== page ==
Open more McDonald’s locations and pizza shops, pick up trash and stop making fun of people – these are just a few of the hundreds of responses Philadelphia elementary school students offered up in response to the question: “What would you do if you were the mayor of Philadelphia?”
The city’s mayoral nominees – Democrat Cherelle Parker and Republican David Oh – answered this key question and more during a student-led mayoral conversation at the Please Touch Museum on Tuesday. The forum not only presented the students with a unique opportunity to engage with the mayoral nominees but was also a rare instance of both candidates attending the same event.
With 6abc’s Tamala Edwards leading the conversation with more than 100 students from Parkside community schools, Parker began by sharing her upbringing and how her “village” supported her after her biological mother died when she was just 11 years old.
“I didn’t have anything perfect during my childhood. My life was a little different, but no matter what, I was able to keep pushing because there were people like the teachers who are in here,” Parker said. “I was a cheerleader and I ran track. I had coaches and uncles and cousins – a village of people who really believed in me. When I look at you, I know what I need to do. I need to make sure each and every one of you is connected to the Philadelphia village somehow.”
Oh, noting times he overcame academic struggles as a child, mentioned his love of Philadelphians’ spirit and their drive to succeed.
“You have all kinds of people in this city, every size and every shape. But one thing with all people that is kind of the same is they all want to be somebody, and I think everybody – including yourself – is a somebody developing,” Oh said. “Right now, you’re kind of discovering who you are, what you’re good at and what you do well … if you stick with it, you will be that person you’re supposed to be.”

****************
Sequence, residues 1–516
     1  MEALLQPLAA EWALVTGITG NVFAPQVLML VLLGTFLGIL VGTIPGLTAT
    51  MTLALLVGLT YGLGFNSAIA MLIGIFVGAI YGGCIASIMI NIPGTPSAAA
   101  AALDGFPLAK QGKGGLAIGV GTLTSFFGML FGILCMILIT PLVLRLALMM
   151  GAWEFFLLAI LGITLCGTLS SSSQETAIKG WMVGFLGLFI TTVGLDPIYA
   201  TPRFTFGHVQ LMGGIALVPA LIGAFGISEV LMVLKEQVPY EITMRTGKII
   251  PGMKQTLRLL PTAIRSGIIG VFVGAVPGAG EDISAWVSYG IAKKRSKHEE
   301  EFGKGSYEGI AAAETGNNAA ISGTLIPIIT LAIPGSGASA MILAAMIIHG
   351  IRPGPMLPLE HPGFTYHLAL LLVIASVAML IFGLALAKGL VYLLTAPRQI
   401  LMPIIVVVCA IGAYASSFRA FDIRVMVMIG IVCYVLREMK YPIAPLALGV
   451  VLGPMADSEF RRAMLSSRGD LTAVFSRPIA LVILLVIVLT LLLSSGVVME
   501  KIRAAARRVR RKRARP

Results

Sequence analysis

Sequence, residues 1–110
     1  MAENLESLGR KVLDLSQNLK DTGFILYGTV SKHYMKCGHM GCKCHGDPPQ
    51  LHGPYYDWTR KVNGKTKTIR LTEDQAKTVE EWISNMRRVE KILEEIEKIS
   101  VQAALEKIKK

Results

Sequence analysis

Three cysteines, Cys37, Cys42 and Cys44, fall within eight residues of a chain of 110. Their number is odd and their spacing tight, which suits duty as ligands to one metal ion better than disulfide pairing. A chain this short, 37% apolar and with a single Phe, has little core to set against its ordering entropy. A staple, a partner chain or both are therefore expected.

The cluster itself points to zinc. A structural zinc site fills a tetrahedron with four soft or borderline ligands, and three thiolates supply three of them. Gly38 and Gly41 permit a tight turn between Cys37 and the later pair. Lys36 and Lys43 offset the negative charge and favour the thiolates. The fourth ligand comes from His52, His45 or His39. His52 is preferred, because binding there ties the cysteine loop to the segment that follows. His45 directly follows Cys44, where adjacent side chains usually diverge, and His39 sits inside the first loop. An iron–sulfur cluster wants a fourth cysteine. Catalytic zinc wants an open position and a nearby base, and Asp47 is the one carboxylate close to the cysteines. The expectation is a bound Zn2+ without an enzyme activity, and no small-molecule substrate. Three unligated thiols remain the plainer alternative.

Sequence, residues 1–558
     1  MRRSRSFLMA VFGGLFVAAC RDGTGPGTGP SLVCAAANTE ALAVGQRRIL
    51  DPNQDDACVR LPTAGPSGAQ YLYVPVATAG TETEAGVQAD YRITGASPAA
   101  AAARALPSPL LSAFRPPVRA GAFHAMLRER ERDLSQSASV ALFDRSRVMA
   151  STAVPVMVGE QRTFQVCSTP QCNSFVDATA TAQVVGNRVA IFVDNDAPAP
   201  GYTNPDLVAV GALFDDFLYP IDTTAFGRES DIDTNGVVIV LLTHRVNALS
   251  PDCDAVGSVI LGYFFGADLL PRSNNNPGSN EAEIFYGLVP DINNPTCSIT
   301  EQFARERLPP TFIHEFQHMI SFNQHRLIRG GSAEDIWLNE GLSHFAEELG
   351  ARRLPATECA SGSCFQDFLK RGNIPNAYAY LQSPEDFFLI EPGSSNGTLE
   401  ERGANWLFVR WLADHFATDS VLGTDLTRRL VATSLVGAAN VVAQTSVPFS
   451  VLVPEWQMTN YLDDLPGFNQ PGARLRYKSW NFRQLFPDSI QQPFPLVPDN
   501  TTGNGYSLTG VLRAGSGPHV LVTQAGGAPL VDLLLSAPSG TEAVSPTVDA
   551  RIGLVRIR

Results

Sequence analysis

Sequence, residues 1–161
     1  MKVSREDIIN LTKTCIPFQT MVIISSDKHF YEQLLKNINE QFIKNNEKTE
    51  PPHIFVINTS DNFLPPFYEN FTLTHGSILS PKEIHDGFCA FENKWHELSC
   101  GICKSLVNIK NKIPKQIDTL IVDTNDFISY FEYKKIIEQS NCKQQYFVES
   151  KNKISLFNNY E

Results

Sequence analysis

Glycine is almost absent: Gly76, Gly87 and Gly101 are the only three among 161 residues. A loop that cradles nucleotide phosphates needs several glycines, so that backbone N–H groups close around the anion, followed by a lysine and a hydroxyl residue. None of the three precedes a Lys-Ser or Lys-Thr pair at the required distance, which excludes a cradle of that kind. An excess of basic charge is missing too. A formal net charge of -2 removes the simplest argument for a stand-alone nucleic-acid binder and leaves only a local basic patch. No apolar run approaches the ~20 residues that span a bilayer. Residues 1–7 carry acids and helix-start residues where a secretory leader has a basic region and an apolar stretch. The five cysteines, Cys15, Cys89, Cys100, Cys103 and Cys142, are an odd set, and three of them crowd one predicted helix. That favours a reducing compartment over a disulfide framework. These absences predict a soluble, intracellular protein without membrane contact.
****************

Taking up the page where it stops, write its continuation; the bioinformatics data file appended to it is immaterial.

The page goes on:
The student audience, which included second-graders at Inquiry Charter School, third-graders at McMichael Elementary School and fourth-graders at St. Rose of Lima School, asked each candidate where they went to school and what their favorite subject was before getting into more specific questions about how the city’s libraries, sanitation and parks and recreation departments should operate.
One of the few specific policy points brought up by either candidate occurred toward the end when Oh was asked how he would keep parks and playgrounds safer.
Oh said he would separate the Department of Parks and Recreation into two entities to create a separate funding stream for parks and to ensure more community involvement in the decision-making surrounding smaller community parks.
Parker, when asked about addressing homelessness, reiterated a phrase often used in her campaign, saying she wants to create a cleaner, greener city that gives people a path to self-sufficiency.
Patricia D. Wellenbach, president and CEO of the Please Touch Museum, said the conversation gave children a chance to share what they hoped the next mayor would do for them and their communities.
“The 100 students coming to the Please Touch Museum are the future of our city, and we hope this conversation not only provides the chance to share what matters to them most, but also furthers the children’s understanding of the role of a mayor, what a mayor can do for their community, and the importance of their civic engagement in the future,” Wellenbach said in a statement.
The Children’s Mayoral Conversation is a part of Every Voice, Every Vote, a collaborative project managed by The Lenfest Institute for Journalism. The initiative allowed students to learn civic lessons in the classroom prior to the event. And in exchange for their time, students were given lunch and access to the museum’s carousel following the one-hour event.